Allied Force

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Allied Force
Basic Information
Video Game
Lead Pursuit
Graphsim Entertainment
Flight Simulation
Joystick, Keyboard, Mouse, TrackIR (if desired)
Microsoft Windows
Retail Features
Allied Force
Technical Information
CanadaUnited StatesMexico North American Release Date(s)
Microsoft Windows
Awards | Changelog | Cheats | Codes
Codex | Compatibility | Covers | Credits | DLC | Help
Localization | Manifest | Modding | Patches | Ratings
Reviews | Screenshots | Soundtrack
Videos | Walkthrough
GOG | In-Game | Origin | PlayStation Trophies | Retro
Steam | Xbox Live

Falcon 4.0: Allied Force (F4AF) is an F-16 based combat flight simulator created by company Spectrum Holobyte and further developed by MicroProse and now by Lead Pursuit. Lead Pursuit was formed after gaining a license from Atari (who later owned the license) to continue Falcon 4.0 development. Many of its employees were members of the Falcon 4.0 modding community[citation needed].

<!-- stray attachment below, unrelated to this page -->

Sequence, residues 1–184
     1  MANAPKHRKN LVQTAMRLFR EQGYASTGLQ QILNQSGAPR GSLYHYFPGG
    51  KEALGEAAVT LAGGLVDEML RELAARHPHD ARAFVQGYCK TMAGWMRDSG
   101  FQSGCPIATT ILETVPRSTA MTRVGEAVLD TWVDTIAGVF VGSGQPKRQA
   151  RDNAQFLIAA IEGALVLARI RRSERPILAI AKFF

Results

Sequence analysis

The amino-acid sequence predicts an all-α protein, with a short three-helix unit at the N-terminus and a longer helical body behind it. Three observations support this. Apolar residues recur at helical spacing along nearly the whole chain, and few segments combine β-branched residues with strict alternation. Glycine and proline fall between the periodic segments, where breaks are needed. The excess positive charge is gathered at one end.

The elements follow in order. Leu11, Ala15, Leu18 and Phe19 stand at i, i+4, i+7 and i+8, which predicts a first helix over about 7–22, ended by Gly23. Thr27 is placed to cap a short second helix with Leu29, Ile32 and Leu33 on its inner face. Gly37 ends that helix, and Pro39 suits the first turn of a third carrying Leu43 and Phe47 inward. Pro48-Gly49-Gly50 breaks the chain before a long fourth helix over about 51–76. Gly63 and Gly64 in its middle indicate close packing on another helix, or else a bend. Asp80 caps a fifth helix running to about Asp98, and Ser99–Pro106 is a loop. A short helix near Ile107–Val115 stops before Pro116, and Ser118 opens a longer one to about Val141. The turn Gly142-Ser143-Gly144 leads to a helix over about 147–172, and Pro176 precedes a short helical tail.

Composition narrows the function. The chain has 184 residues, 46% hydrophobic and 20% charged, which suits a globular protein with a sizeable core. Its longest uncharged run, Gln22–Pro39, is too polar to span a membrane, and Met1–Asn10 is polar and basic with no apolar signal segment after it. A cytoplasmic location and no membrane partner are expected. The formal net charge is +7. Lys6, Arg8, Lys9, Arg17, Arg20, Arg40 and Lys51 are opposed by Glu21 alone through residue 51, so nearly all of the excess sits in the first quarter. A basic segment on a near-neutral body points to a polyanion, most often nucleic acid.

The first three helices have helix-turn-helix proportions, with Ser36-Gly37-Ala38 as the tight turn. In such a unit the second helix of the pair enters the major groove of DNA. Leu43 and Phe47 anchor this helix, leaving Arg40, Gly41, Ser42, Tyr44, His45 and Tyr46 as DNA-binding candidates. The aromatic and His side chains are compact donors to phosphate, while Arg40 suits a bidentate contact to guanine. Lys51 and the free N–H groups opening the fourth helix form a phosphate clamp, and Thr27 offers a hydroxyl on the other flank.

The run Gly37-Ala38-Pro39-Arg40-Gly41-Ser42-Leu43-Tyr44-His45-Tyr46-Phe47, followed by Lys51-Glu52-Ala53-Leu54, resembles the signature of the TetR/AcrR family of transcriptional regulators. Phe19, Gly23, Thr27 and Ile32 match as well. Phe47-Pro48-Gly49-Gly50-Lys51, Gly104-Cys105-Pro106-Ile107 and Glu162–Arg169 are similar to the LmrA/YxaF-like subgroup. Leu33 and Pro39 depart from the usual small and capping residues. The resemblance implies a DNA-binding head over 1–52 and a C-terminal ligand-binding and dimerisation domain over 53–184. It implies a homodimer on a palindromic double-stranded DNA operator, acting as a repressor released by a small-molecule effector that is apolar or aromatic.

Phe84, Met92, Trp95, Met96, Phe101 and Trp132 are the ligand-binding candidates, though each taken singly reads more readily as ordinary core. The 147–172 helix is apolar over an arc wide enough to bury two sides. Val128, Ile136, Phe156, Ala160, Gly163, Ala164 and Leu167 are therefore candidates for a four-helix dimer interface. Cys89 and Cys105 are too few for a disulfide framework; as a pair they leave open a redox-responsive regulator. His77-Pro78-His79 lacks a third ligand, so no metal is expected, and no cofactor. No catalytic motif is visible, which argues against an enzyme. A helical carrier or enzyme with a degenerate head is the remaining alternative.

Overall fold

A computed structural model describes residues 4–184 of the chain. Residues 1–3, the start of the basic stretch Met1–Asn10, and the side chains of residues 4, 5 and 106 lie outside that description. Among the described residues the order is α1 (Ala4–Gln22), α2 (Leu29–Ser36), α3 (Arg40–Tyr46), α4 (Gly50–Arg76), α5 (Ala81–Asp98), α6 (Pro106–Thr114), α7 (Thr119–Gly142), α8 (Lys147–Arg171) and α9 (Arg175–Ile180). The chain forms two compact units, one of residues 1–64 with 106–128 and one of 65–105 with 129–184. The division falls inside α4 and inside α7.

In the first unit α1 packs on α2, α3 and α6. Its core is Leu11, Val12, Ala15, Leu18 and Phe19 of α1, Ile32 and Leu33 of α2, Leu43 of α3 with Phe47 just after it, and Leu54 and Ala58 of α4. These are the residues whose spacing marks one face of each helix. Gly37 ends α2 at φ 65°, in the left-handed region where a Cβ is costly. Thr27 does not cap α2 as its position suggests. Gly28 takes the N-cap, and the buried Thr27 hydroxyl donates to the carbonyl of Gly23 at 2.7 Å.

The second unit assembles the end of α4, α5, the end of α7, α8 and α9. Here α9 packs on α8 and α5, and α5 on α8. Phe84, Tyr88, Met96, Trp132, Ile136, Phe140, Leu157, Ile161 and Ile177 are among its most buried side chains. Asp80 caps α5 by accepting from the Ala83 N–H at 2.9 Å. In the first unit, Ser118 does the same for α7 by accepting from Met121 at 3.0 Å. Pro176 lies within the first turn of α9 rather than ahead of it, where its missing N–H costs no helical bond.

Allied Force was released on June 28, 2005, and is largely a compilation and unification of existing modifications over the original Falcon 4.0 and the official patches. Prominent members of the Falcon 4.0 modding community were hired into Lead Pursuit[citation needed]. Allied Force also introduced several major new features and improvements in realism and stability.

Features[edit | edit source]

  • Significant differences from Falcon 4.0, the original MicroProse version:
  • Airbases enhanced and terrain tiles redone
  • AI wingman commands and functions, others reworked
  • 110-page printed manual, plus 760 page PDF manual

The Simulation[edit | edit source]

Falcon 4.0:Allied Force is a detailed simulation; like other simulations, it may take the user some time to become proficient and familiar with all of its features. Allied Force comes with a 716 page manual, which can act as a "quick start" guide to flying a military jet. Allied Force focuses primarily on learning to fly and fight in an F-16, yet also allows the user to manage all the ground and air assets in a campaign if they wish, or control and vector fighters as part of an E-3 AWACS squadron.

The simulation allows the user to control the level of realism: the player can either set the realism settings on maximum, or enable options such as invulnerability and unlimited ammo; this may make the game easier for newcomers or players who wish to have a less realistic experience.

A player that enables many of the realism settings must work with his Wingmen, friendly assets such as AWACS, JSTARS, Airborne Tankers, Forward Air Controllers, and other friendly aircraft if he wishes to be successful.